Some diets are ‘complementary’ and are not complete.  Complementary foods must be added to in order to provide nutritional balance. Mixer biscuits, treats but also some wet foods can be complementary. Keep an eye out for this, especially if you’re only feeding wet food to your dog.

Ingredients are listed in weight order.

Ingredients must be listed in descending order according to their pre-processing weight.

For example the 1st ingredient in Eukanuba is “Dried Chicken and Turkey”; this means the predominant ingredient in Eukanuba is nutritious dried chicken and turkey. 

Top tip: Always look for pet foods with an animal protein as the number one ingredient.   Although dogs are omnivores they thrive on a diet enriched with animal protein, so unless your dog has special nutritional needs, such as kidney damage or obesity, they will do very well on a diet containing animal protein as the predominant ingredient.


What is Dried Chicken and Turkey?

Dried Chicken and Turkey is an excellent source of animal protein supplying all the essential amino acids dogs need and thrive on. 

It is simply a dried form (meaning the moisture has been removed) of the chicken, including clean flesh, skin, carcass, smooth muscle and some bone as a source of calcium.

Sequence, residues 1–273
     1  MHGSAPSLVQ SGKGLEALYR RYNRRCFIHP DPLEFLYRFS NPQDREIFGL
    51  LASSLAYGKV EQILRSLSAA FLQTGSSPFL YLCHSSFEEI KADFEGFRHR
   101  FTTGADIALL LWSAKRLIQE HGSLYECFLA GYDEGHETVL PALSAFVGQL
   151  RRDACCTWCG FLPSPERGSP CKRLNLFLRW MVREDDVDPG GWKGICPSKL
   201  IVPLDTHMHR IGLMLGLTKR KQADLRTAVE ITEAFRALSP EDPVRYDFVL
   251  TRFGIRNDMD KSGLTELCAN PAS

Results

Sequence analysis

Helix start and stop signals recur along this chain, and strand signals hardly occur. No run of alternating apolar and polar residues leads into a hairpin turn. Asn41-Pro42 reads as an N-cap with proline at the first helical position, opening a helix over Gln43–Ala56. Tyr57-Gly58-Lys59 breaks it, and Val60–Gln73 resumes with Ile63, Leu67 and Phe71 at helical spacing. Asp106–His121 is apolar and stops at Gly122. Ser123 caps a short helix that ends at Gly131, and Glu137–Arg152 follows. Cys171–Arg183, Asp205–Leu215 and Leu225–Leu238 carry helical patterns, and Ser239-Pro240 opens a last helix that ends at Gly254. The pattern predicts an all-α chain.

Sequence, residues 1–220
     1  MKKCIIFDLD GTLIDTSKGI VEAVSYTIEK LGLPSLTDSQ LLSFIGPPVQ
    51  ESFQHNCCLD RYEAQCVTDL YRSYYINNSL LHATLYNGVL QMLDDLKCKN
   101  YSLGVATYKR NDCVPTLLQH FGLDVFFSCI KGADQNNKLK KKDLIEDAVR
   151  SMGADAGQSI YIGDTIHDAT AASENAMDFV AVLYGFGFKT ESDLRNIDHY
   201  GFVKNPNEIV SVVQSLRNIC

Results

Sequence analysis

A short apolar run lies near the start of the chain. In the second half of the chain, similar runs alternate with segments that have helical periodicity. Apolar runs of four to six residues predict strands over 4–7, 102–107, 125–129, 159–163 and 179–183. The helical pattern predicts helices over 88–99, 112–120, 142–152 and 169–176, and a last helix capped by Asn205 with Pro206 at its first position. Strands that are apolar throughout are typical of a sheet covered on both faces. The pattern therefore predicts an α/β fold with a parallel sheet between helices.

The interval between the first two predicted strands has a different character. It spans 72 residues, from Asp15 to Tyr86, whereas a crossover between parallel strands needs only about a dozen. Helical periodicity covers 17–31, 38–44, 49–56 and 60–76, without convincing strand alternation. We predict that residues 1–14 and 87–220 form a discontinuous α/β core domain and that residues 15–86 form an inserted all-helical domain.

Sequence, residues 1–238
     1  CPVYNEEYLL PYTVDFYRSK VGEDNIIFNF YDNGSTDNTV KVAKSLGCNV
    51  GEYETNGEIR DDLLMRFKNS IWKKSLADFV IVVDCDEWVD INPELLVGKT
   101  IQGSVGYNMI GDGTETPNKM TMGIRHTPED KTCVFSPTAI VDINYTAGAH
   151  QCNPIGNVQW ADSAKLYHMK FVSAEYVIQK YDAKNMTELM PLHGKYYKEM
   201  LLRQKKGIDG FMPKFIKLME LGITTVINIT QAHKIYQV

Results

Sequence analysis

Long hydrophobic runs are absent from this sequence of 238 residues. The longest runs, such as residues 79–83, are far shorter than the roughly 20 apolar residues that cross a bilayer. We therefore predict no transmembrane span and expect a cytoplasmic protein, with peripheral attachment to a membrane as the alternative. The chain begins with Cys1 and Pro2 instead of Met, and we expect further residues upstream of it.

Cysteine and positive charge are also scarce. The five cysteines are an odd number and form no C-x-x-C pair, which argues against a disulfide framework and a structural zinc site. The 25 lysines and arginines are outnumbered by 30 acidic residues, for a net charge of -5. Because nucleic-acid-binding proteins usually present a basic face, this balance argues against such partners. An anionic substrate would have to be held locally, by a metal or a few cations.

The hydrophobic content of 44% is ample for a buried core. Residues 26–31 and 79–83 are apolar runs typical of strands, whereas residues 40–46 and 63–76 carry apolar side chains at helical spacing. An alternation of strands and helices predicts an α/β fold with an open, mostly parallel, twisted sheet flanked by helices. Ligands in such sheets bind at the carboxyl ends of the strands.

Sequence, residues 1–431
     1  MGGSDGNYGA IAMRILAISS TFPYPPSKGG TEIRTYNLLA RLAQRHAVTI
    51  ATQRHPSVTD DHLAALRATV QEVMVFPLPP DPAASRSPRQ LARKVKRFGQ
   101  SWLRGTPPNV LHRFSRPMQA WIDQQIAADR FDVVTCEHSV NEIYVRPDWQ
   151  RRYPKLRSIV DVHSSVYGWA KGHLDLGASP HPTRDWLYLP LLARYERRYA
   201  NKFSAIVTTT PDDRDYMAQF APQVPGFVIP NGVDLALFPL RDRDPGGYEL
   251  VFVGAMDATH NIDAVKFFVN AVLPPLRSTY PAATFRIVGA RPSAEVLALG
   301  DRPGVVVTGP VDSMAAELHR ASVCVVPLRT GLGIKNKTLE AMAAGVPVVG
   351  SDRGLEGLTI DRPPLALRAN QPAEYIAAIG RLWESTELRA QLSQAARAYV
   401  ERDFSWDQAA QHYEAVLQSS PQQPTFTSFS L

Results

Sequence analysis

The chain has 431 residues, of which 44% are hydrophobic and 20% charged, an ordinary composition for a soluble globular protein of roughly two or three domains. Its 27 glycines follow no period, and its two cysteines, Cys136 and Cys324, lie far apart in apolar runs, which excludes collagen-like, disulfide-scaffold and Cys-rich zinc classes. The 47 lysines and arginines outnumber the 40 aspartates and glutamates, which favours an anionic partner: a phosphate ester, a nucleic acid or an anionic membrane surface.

Moisture is heavy and so it takes a massive 5 tons of fresh chicken to provide just 1 tonne of dried chicken.  This is important to understand as it’s the pre-processing weight which is used in pet foods.  By incorporating dried chicken and turkey manufacturers have to use a lot of it if it is to be the predominant ingredient.


Suitable for human consumption?

All ingredients used for pet food has to be fit for human consumption according to EU requirements.  This of course includes the meat so rest assured that all the animal protein sources in pet foods have to be inspected and passed as suitable for human consumption.


Category listing

You may have already noticed that not all composition lists look the same.  Some ingredients are grouped together using descriptions such as – “cereals” or “meat and animal derivatives.” This is known as category listing and can be a sign of an open formula.  For example:

Composition: Cereals, Meat and animal derivatives, Vegetable  protein extracts, Derivatives of vegetable origin,
Oils and Fats, Various sugars, Minerals.


Other composition lists individually list each ingredient separately.  For example Eukanuba Adult Small Breed contains: